How Aerial Imagery Is Helping Plan Logistically Complex Events


Event technology has come a long way in recent years, and while aerial imagery is not specific to events, it is helping organizers of logistically complex events plan safe and efficient gatherings through the pandemic and beyond.

Aerial imagery, provided by companies like Nearmap, is distinct from satellite imagery in that it is captured from planes outfitted with cameras and provides higher resolution images in greater detail. It can be particularly valuable for large outdoor events that require precise planning of infrastructure and attendee traffic flow.

“The basic premise is that, rather than having to be onsite all the time planning, measuring, and walking areas, you get instant access to high resolution aerial maps,” explains Tony Agresta, Nearmap Executive Vice President and General Manager, North America. “Then you've got really clear pictures, number one, but you also have current photos that show you what the landscape looks like.”

For example, the United States Golf Association (USGA) has been using Nearmap for the past few years to plan the US Open, which is a massive undertaking as it includes “everything from the architecture and engineering, to the construction and transportation, to the event planning and management,” says Agresta.

The aerial imaging technology came in particularly handy in 2021 due to additional Covid measures that needed to be implemented. “When Covid hit, a lot of people were setting up facilities in tents or small buildings that people could drive into to get tested, or in some cases vaccinated,” says Agresta. “Nearmap was used to locate a lot of those spots, which, a lot of times, were in parking lots that were close to residential areas. So in one seamless map, you can look at all these locations.”

Nearmap also provides 3D mapping, which enables organizers to navigate the three-dimensional space and view different perspectives around the area. “It’s about making the experience and the event as good as it could possibly be using technology,” notes Agresta.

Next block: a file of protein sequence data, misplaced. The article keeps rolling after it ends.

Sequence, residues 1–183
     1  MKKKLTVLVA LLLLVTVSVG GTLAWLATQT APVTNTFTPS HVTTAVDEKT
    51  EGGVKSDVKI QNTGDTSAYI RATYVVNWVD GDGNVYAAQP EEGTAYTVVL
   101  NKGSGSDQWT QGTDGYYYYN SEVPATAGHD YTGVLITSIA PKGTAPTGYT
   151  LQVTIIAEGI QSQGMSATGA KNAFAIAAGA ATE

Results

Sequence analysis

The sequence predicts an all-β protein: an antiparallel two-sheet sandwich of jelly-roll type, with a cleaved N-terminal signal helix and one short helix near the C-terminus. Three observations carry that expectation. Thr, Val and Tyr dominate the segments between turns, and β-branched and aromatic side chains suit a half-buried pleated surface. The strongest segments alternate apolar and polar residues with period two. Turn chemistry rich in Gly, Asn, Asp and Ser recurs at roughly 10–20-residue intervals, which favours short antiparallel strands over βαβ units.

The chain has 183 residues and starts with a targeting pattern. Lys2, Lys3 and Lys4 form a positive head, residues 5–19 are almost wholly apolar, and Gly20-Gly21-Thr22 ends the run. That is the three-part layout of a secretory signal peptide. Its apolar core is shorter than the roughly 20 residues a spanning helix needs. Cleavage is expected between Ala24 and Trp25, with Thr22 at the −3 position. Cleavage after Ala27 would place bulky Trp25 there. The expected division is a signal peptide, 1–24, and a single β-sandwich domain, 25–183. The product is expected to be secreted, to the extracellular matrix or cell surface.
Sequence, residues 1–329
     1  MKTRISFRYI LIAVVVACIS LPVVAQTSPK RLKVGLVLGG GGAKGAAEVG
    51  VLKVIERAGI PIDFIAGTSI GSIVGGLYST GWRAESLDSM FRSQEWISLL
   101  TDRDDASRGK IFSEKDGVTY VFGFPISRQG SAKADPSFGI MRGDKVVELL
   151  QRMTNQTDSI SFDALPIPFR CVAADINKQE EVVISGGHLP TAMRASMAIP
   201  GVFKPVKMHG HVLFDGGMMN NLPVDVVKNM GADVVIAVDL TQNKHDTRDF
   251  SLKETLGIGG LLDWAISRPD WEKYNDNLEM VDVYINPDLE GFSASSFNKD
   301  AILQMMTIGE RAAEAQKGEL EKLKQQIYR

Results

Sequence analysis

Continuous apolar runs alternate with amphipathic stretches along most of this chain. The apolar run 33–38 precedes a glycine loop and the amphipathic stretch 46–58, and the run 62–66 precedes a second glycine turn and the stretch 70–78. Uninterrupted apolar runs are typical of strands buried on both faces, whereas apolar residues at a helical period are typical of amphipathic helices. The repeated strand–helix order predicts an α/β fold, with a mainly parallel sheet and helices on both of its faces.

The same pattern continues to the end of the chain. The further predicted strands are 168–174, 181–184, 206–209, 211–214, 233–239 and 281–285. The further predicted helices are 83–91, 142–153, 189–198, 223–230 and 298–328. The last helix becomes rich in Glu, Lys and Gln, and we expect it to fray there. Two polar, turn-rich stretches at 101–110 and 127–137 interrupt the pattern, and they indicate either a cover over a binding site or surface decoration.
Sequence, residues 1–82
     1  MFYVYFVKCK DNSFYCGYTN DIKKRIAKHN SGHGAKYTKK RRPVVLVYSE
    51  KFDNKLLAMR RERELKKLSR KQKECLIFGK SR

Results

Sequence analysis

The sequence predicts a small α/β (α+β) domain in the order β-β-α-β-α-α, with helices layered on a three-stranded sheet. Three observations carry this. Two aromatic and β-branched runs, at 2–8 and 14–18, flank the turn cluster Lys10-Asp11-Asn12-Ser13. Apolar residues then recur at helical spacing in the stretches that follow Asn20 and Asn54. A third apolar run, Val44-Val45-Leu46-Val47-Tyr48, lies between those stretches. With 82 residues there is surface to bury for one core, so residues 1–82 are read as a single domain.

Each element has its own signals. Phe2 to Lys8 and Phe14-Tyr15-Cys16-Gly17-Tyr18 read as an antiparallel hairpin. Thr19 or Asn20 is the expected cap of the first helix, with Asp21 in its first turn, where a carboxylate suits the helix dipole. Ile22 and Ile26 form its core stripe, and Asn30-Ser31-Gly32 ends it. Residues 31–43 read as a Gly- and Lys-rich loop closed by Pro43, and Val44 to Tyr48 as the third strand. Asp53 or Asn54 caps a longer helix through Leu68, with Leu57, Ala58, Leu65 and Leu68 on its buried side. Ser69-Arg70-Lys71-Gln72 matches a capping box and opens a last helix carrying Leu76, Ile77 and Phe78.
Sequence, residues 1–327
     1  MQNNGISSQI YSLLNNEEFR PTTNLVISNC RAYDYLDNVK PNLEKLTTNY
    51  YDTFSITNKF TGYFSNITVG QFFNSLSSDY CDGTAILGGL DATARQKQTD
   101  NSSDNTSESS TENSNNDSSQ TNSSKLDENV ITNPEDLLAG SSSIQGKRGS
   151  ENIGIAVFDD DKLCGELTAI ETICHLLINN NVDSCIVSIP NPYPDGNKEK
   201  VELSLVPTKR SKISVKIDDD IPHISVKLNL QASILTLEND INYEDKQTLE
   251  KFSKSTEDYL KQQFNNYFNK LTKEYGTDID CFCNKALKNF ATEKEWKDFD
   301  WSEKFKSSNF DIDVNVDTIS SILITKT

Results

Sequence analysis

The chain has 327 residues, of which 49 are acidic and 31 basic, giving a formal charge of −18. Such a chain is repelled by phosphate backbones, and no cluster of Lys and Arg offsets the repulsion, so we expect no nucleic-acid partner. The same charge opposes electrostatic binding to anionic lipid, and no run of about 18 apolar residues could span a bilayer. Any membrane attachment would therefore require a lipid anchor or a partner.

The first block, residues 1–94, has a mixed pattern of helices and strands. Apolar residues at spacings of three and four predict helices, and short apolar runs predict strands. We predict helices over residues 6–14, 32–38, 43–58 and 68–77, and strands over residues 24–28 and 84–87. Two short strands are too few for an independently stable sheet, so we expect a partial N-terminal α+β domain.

In addition, being able to access high-resolution imagery of an event site online also means fewer onsite visits and enables more work to be done remotely, which was key at the height of the pandemic but will remain important as business travel for many people remains less frequent. Nearmap imagery is updated two to three times a year, depending on the location, and updated images are made available online within a few days of a flight.

For last year’s US Open, the USGA had to make major changes to the event on a short timeframe, typical of Covid-era events, once the state of California loosened its restrictions and allowed fans to attend the event.

The organizers leveraged aerial imagery to plan for a larger crowd than initially anticipated by, for example, figuring out that they could designate part of the 36-hole golf course as a parking area — they wanted to avoid shuttles given the pandemic — building temporary entrances, and plotting line routes for attendees who would be providing proof of vaccination or a negative test.

In addition to the USGA, Nearmap is used by many organizations and cities across the US, including Salt Lake City and Eastvale, to plan the logistics around concerts, festivals, etc. The tech is also used to execute the Presidential Inauguration in Washington, D.C.

“Aerial imagery is useful anytime you need to put up stages, route transportation, put up barricades or need law enforcement or medical personnel,” says Agresta. “Anything that going to require you to build something, manage traffic patterns, and/or put in the security.”

While of course not everyone will have the means to access technology like Nearmap, it provides interesting use cases for events and shouldn’t be overlooked (no pun intended) for complex installations to enhance both attendee safety and the overall event experience.